A delegation of the Council of Europe's Group of Experts on Action against Trafficking in Human...
On 30 October 2019, the Anti-Trafficking Division of the Council of Europe, in co-operation with...
National Anti-Trafficking Co-ordinators and Rapporteurs from 42 countries across the Council of...
The 25th meeting of the Committee of the Parties of the Council of Europe Convention on Action...
Anti-trafficking day: Victims must have justice, including compensation, says Council of Europe Secretary General17/10/2019 Strasbourg
The Secretary General of the Council of Europe, Marija Pejčinović Burić, has urged countries...
The Council of Europe Convention on Action against Trafficking in Human Beings entered into force on 1 February 2008, following its 10th ratification. While building on existing international instruments, the Convention goes beyond the minimum standards agreed upon in them and strengthens the protection afforded to victims.
The Convention has a comprehensive scope of application, encompassing all forms of trafficking (whether national or transnational, linked or not linked to organised crime) and taking in all persons who are victims of trafficking (women, men or children). The forms of exploitation covered by the Convention are, at a minimum, sexual exploitation, forced labour or services, slavery or practices similar to slavery, servitude and the removal of organs.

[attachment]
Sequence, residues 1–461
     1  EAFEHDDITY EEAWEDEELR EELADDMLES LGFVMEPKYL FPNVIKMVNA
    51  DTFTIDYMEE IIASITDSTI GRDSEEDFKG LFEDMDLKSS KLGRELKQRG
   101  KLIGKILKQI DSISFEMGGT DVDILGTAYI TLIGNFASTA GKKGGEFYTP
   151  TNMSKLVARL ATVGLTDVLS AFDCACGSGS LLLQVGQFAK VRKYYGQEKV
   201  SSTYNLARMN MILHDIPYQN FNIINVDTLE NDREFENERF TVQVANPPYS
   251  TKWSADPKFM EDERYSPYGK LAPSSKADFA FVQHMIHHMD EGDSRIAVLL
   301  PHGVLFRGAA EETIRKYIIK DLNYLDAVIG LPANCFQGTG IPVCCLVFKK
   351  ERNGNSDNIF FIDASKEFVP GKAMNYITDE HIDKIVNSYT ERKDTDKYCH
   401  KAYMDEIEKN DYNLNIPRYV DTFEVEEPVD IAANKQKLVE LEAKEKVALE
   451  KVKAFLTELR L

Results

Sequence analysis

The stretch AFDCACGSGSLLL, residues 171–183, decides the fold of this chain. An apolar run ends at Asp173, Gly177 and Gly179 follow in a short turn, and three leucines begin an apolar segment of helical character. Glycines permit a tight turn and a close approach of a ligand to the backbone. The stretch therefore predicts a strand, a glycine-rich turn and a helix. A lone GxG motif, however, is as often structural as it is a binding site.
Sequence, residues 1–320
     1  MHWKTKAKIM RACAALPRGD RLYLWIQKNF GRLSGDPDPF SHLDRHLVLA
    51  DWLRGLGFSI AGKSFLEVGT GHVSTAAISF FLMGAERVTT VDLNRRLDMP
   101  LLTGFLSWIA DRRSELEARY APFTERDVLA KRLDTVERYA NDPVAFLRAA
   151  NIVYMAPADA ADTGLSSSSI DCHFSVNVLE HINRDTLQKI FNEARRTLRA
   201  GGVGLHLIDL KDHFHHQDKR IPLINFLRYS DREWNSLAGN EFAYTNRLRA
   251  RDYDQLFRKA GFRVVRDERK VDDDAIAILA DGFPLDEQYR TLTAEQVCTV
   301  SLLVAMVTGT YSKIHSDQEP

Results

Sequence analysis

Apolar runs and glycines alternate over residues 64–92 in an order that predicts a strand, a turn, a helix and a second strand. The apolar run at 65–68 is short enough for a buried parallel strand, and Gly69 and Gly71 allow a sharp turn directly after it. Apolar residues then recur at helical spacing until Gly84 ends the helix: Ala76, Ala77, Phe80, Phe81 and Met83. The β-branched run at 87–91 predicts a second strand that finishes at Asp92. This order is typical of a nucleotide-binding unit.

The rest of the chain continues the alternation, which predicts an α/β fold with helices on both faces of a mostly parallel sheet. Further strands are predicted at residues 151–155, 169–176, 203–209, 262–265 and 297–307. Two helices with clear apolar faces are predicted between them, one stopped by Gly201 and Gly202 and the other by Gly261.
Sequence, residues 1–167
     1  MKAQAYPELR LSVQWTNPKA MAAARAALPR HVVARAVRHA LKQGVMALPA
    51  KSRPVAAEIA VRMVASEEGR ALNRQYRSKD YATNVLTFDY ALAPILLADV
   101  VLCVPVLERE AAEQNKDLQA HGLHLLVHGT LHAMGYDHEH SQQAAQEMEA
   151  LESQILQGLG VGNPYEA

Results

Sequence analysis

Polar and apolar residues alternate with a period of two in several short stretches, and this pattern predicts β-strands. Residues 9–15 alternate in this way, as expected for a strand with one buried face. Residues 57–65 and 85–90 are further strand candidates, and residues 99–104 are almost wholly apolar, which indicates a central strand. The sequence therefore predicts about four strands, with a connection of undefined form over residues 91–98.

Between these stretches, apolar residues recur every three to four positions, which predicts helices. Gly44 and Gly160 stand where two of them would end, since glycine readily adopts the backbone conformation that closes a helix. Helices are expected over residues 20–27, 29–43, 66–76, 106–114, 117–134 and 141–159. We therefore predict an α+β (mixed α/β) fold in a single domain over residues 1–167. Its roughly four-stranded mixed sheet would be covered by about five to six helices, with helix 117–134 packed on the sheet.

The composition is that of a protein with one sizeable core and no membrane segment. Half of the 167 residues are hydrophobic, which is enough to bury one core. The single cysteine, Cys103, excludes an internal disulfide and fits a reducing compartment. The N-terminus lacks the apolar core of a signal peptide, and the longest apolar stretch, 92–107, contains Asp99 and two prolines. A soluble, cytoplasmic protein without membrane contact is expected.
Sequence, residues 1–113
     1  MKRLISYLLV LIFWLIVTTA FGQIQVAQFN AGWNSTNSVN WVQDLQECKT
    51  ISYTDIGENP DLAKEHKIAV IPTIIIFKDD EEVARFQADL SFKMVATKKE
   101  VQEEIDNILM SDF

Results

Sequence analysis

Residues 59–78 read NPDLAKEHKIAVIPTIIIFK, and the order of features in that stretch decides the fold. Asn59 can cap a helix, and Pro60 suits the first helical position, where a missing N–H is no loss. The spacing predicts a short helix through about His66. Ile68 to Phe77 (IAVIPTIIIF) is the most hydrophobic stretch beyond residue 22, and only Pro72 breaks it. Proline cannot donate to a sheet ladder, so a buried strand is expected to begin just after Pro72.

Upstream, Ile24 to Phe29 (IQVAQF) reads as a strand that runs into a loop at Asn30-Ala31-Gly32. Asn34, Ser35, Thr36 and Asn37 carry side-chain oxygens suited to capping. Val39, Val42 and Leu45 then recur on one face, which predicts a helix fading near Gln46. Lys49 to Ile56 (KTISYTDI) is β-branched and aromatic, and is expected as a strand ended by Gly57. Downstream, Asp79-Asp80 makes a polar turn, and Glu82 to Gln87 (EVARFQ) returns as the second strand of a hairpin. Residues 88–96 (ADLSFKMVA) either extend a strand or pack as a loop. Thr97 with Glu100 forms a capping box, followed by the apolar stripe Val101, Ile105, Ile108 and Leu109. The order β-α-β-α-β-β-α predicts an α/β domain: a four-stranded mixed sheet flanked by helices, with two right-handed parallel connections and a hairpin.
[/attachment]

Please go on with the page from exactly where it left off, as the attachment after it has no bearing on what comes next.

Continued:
The main added value of the Convention is its human rights perspective and focus on victim protection. Its Preamble defines trafficking in human beings as a violation of human rights and an offence to the dignity and integrity of the human being.
We have a moral and legal duty to help people who have been trafficked
Davor Derenčinović, President of GRETA, for New Europe
(on the occasion of the publication of GRETA's 8th General Report, 31 May 2019)
Trafficking in people – usually for sexual or labour exploitation, but also for other forms of exploitation such as forced marriage, forced begging or the removal of organs – is a horrendous form of abuse and a scourge on Europe’s conscience.
Victims who manage to break free from their traffickers generally find themselves in a position of great insecurity and vulnerability. They have often been physically abused, mentally scarred and find themselves in strange surroundings with nowhere to live and little in the way of money or possessions.
In such circumstances, there is a high risk of further exploitation, re-victimisation and abuse.